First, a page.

Album Review: Tim Ellifritz’s Self-Titled Effort

Tim Ellifritz delivers an impressive album with his self-titled effort: Tim Ellifritz. With sonic textures that demand attention, the album is mainly an instrumental push and pull among three main instruments: guitar, bass, and drums. While there are scarce vocals featured on this record – Vinnie Leddick provides superb vocals on “Life” and “Pandemania,” tracks nine and eleven, respectively – the skill with which the songs’ instrumentation are executed more than makes up for this fact.

Oftentimes, storytelling in a song can become lazy, or redundant, and the absence of words to drive a narrative forward puts the onus solely on instrumentation. There is no lack in Tim’s ability to tell a story solely through music, as easily seen right from jump-street. “Last Days of May,” the opening track, is a solo acoustic piece that evokes feelings of starting anew (apropos for an album-opener), as well as a sense of looking forward to the future.  Wasting no time to switch lanes, Tim changes things up with “Padded Cell” (track two). Although this song features an acoustic intro – which was a very helpful device in bridging the previous song – we quickly catch our first glimpse of how well Tim has studied his instrument. With chaotic tension created by beat groupings of three (3) and five (5) throughout the song, and piercing but effective electric guitar work, this song brings to mind scenes that are rife with anxiety.

Anyone listening to this record will easily see Tim’s tendency to switch from higher energy music to more contemplative sounds, such as in the songs “Sunflower” (track three), and “Sweet Dreams” (track eight). Some of the songs harken back to progressive rock acts the likes of Jethro Tull [“Anthem” (track five)] while others, with their major pentatonic riffing, reminds me of southern rock bands such as The Allman Brothers [“Vibe” (track six)]. There is a myriad of musical components this listener could focus on when writing this review, but perhaps the underlying tendency I’m hearing in this record is that Ellifritz always seems to know how long to drag out and subsequently resolve musical tension in his songs.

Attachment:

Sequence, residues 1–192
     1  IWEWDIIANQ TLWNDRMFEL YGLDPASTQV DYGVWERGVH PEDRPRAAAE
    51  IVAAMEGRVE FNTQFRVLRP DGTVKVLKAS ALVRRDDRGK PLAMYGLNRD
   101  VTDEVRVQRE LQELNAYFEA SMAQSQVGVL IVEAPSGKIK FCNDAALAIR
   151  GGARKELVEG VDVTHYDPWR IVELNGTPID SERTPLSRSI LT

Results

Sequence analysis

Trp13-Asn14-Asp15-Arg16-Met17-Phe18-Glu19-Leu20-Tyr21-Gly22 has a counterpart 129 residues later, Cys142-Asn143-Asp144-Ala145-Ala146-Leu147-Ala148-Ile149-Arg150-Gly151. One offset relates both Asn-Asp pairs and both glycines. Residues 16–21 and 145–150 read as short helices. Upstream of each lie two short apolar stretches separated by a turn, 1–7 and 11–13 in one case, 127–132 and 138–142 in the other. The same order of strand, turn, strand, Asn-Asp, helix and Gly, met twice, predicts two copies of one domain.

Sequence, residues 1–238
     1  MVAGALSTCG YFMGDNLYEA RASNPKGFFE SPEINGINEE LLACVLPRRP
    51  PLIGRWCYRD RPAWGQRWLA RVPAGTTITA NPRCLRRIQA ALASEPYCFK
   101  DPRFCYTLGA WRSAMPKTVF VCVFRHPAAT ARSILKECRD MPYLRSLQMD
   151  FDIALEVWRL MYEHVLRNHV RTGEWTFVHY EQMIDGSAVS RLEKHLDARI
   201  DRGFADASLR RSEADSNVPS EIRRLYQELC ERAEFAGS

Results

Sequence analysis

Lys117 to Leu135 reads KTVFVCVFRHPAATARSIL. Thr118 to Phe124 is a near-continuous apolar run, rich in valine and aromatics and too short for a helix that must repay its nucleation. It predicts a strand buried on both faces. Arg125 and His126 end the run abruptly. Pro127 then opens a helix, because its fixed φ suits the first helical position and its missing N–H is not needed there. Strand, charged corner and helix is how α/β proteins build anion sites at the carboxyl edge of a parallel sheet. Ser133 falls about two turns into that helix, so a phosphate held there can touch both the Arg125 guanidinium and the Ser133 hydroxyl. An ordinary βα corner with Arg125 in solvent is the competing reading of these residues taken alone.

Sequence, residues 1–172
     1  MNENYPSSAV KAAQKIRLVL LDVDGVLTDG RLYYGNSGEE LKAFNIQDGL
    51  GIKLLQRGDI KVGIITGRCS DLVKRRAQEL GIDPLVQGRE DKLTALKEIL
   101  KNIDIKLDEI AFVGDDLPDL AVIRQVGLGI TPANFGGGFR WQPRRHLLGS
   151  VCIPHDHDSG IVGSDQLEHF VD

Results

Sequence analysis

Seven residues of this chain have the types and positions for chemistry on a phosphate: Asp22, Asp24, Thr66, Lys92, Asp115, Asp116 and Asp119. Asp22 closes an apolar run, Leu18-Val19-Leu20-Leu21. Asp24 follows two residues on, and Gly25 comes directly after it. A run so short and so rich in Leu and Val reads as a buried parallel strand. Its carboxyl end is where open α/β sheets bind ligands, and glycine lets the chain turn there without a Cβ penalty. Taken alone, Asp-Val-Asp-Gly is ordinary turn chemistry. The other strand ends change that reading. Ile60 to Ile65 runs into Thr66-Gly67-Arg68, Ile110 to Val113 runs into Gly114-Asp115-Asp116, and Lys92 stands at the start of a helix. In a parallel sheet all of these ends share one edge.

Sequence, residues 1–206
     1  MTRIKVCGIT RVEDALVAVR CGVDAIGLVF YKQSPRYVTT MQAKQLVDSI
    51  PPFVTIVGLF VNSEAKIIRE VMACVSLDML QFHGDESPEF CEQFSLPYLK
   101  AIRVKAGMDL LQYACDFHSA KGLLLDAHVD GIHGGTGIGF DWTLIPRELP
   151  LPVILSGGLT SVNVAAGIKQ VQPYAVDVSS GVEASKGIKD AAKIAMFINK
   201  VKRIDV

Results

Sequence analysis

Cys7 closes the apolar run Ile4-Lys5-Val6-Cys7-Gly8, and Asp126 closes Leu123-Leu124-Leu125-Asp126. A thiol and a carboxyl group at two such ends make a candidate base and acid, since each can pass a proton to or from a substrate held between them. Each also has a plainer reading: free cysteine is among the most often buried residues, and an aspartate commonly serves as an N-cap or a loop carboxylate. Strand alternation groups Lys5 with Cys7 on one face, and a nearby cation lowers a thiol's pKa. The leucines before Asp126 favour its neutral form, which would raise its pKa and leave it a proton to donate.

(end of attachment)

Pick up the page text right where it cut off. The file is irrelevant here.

As mentioned earlier, “Life” and “Pandemania” were the two songs on this album that contained vocals. Of the two, I strongly preferred the former. Leddick’s voice soared to points I often thought would threaten to crack but never did. With an impressive delivery of vocals, Leddick easily displays the same caliber of skill with his voice as Tim does with the guitar (and mandolin on “Sunflower”). “Pandemania,” while it was well-crafted, dealt with topics surround the COVID-19 pandemic. It was admittedly a bit hard to listen to as this listener has severe mental fatigue regarding this topic. If you had asked me what I thought would end this particular album, never in a million years would I have guessed it to be a “chicken pickin’” country song. Nonetheless, Tim has shown once again that you never know what may come out of his instrument. Very unexpectedly so, this song, with its stark and sharp genre shift, was a brilliant way to end the overall album.

It’s hard to make a progressive rock danceable; the genre lends itself to being one requiring active listening rather than passive, but I feel Tim does this quite well. Not only that, but the superb playing Tim has recorded is extremely well complemented by the sounds produced by James Martin and Walt McKibbenn on bass guitar, as well as Tyler John Peter and Jeffrey Britton on drums. The entire band is extremely talented. While I do make the concession that this album might be enjoyed more by those who not only listen to progressive rock but are musicians of the genre as well; Tim Ellifritz has surely made an album that I feel is definitely worth listening to, as well as enjoyed, by many.

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